LAUNCESTON, Australia, Feb 23 (Reuters) – Iron ore should go back to the future and reinstate annual contract pricing, according a former executive of top miner Rio Tinto. He’s wrong.
Mal Randall, who spent more than 25 years at Rio Tinto and also helped set up an Australian iron ore miner, said the move to iron ore spot pricing from 2010 onwards was a disaster, the Australian Financial Review reported on Monday.
Up to a few years ago, iron ore had been priced through annual talks between steelmakers and their largely Australian suppliers. This changed, largely at the behest of former BHP Billiton chief executive Marius Kloppers, who wanted to take advantage of a shortage of supply to generate higher returns for his iron ore mines.
“It was orchestrated and brought in by a guy that has no responsibility now, Kloppers who used to run BHP,” the newspaper quoted Randall as saying. “It’s great to make these changes and then he’s gone.”
Randall, who now chairs mineral sands company MZI Resources, is correct insofar as the spot market pricing is no longer working in the favour of the big miners.
BHP Billiton, Rio Tinto and Brazil’s Vale reaped the benefit of the switch in the initial period as Chinese demand for iron ore exceeded available supply, driving spot prices to record highs.
Asia spot iron ore .IO62-CNI=SI reached $191.90 a tonne in February 2011, but has since plunged 67 percent to $63.40 on Feb. 18, the most recent day of trade before the lunar new year holidays.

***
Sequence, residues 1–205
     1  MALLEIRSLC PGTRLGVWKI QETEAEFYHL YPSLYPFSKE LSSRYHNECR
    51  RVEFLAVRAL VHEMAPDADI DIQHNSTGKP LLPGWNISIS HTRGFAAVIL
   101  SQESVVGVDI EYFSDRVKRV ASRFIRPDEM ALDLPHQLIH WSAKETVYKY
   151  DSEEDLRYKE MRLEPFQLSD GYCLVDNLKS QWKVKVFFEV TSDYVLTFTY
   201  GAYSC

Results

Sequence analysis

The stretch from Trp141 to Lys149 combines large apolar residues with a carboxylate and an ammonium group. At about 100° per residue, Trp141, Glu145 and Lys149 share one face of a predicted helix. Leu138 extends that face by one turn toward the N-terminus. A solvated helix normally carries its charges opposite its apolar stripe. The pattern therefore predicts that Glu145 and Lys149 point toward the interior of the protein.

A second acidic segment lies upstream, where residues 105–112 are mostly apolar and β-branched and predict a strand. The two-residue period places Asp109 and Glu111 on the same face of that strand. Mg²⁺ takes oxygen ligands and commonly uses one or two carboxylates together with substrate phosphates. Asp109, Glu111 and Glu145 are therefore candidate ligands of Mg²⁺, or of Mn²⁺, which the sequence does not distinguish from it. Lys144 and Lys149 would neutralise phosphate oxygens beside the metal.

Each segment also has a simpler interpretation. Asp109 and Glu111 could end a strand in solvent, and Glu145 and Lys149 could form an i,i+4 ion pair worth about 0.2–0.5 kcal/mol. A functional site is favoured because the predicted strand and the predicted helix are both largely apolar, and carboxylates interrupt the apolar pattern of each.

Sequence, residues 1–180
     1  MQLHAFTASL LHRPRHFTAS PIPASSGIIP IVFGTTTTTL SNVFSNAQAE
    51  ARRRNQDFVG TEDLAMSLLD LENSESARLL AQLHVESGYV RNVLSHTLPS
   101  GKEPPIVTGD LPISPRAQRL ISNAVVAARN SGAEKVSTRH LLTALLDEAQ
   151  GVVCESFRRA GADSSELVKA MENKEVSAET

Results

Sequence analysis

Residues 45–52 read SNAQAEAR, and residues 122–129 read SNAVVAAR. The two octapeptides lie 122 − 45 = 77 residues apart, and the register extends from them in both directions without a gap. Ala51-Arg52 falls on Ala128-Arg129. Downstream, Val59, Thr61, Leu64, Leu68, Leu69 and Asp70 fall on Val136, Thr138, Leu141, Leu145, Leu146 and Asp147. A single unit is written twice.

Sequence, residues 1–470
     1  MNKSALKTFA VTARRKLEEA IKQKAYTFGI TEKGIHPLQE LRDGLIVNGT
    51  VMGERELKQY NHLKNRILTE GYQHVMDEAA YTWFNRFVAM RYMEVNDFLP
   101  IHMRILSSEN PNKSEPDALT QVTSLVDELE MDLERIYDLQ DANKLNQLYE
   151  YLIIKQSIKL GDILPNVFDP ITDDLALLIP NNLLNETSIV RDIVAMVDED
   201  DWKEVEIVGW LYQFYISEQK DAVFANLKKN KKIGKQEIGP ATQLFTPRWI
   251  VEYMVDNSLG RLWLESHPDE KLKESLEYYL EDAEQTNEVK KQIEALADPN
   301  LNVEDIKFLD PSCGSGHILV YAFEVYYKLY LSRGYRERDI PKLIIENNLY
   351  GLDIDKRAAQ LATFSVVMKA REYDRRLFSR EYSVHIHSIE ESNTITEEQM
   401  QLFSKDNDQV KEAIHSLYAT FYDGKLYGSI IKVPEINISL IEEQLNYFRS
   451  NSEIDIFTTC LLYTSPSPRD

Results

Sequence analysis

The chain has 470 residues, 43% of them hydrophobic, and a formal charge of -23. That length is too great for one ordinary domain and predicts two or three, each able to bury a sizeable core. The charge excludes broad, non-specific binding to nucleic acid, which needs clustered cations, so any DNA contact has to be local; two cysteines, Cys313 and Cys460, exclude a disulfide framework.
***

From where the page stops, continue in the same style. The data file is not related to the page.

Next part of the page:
But the reason behind the sharp decline isn’t the move to spot pricing, or even market manipulation by traders, as alleged by Randall in the article.
It’s simply that the major iron ore miners have brought too much to market at the same time that China’s steel demand appears to be peaking.
IRON ORE FLOOD DRIVES PRICING
The big three miners, along with number four Fortescue Metals Group, are in the process of adding some 400 million tonnes a year of iron ore capacity.
This will be further boosted by the 55-million-tonne-a-year Roy Hill mine in Western Australia state, which is due to start operations later this year, and Anglo American’s Minas Rio project in Brazil, which has a capacity of about 26 million tonnes.
For the rest of this column, click here: http://www.reuters.com/article/2015/02/23/column-russell-ironore-idUSL4N0VX0JM20150223